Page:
John Terwal Ansgar Wallenhorst wins international improvisation competition
Het ORGEL 96 (2000), nr. 5, 34-43 [summary]

On 4 and 5 July the 43nd edition of the International Organ Improvisation Competition on the world-famous organ in St.-Bavo’s at Haarlem took place. The German Ansgar Wallenhorst won the competition. The other participants were: Ulrich Klemm, Franz Josef Stoiber (D), Neil Wright (UK), Sietze de Vries (NL), David Postráneck§ (CZ), Timothy Tikker (USA). The jury: Theo Brandmüller (D), Jacques Bank, Bert Matter (NL), Pierre Pincemaille (F), Jaroslav T&ma (CZ). President of the jury was Piet Kee.

The competition was divided for the first time into two rounds instead of the traditional three. The theme for the first round was composed by Bert Matter, that for the final round by Gilbert Amy (F).

In both rounds the participants appeared to be struggling with the structure of their improvisations: quite often they presented ideas that they did not elaborate. Furthermore, many of the improvisers referred to the style of French music from the decades around 1900. Particularly in the first round ‘prefab’ patterns were used quite often.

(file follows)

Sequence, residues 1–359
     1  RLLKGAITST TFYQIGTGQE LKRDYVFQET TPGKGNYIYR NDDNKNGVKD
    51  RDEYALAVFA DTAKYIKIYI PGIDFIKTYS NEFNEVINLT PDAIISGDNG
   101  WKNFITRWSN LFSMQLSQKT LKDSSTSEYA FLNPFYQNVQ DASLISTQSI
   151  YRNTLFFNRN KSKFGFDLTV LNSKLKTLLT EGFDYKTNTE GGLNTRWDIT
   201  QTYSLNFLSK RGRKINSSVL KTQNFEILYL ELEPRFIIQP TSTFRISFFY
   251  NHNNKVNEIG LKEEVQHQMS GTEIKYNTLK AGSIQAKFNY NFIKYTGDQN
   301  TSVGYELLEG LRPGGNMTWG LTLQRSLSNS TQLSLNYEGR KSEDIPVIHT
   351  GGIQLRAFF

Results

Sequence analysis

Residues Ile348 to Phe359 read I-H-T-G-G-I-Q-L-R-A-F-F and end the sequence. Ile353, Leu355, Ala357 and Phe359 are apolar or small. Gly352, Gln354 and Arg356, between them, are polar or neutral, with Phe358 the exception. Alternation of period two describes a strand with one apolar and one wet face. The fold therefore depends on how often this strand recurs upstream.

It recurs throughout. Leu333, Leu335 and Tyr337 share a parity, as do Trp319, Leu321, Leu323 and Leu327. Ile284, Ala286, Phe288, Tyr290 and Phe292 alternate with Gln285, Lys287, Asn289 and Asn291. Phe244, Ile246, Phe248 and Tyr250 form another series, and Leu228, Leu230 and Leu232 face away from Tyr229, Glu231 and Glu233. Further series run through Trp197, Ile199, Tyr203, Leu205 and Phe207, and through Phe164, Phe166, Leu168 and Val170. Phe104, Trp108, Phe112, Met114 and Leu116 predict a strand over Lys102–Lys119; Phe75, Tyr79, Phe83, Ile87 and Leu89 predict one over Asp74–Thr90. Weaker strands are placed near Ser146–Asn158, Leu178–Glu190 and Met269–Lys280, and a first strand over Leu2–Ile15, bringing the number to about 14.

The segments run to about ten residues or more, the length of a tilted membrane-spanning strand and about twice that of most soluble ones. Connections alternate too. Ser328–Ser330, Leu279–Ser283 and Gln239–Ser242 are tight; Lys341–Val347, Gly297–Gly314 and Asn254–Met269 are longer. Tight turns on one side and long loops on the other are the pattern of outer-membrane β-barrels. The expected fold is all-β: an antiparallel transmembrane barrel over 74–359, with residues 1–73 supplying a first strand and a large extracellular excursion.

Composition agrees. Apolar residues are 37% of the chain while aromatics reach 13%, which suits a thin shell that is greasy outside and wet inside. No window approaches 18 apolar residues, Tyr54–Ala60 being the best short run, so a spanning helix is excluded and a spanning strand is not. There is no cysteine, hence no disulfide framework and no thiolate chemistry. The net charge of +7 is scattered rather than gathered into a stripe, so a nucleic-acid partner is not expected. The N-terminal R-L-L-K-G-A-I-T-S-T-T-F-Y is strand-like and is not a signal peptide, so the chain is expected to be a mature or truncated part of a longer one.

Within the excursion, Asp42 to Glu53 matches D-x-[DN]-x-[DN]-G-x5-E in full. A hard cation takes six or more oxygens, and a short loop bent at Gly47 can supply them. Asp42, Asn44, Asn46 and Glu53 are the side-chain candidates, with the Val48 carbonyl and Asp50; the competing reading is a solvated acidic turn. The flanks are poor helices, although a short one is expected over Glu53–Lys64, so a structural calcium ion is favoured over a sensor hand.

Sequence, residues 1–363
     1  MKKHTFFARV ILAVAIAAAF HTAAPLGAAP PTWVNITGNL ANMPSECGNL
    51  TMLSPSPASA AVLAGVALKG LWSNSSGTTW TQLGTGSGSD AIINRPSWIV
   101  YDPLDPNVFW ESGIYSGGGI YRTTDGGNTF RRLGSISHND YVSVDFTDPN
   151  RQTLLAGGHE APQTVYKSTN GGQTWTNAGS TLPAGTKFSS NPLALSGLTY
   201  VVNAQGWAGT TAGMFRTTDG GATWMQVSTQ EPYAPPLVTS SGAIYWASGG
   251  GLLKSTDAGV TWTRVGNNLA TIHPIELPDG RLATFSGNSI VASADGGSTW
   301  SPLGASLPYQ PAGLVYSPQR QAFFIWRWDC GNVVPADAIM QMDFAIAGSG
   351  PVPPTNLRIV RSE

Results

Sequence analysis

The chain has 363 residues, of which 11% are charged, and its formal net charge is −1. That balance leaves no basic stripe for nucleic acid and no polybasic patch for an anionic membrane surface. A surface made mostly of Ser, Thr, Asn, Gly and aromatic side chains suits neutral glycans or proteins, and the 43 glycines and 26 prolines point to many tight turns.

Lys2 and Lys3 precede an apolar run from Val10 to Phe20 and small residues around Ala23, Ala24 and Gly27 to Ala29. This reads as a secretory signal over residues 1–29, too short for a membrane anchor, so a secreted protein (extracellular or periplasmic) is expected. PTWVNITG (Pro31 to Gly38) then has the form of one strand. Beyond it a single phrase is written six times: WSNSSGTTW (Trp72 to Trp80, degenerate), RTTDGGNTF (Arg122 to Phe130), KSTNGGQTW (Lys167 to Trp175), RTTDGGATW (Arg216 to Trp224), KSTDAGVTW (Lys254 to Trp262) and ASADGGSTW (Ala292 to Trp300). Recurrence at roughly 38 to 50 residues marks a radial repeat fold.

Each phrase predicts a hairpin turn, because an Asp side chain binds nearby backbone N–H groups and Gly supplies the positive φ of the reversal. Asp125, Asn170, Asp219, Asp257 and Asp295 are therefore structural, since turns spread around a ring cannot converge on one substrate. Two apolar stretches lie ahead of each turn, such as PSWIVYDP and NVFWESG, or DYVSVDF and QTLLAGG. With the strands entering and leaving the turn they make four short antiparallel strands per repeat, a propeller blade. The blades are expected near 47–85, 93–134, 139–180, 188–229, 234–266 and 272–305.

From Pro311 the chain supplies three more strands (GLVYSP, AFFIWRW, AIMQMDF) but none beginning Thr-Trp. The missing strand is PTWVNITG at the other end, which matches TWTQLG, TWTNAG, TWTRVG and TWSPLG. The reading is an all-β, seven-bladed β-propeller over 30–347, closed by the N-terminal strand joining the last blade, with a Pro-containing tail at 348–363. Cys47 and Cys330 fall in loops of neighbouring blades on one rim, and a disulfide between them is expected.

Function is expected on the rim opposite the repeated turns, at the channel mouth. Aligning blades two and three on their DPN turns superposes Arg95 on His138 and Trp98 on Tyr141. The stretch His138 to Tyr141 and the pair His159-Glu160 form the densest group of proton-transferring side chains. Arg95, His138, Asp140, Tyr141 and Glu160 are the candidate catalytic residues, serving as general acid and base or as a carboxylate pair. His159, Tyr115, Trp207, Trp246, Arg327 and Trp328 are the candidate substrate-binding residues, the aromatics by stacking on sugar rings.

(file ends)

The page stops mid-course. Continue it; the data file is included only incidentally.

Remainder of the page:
The finalists were: David Postráneck§, Sietze de Vries, Ansgar Wallenhorst, Neil Wright.

The improvisation by Wallenhorst was a real winner-improvisation: the structure was clear, the ‘story’ accessibly told, the elements combined convincingly, with sense of affect and of the organ at Haarlem. As in the first round, Wright did not combine the new elements he introduced, and Postráneck§ stayed too long in the middle register of the manuals. Sietze de Vries surprised by opening with a pedal cluster and a quote from Hindemith’s Third Sonata. His initially strong structure began to fail as new ideas were not elaborated.

Unfortunately, only a few professionally improvising organists and organ students attended the competition; whereas the general public attention was more impressive than ever.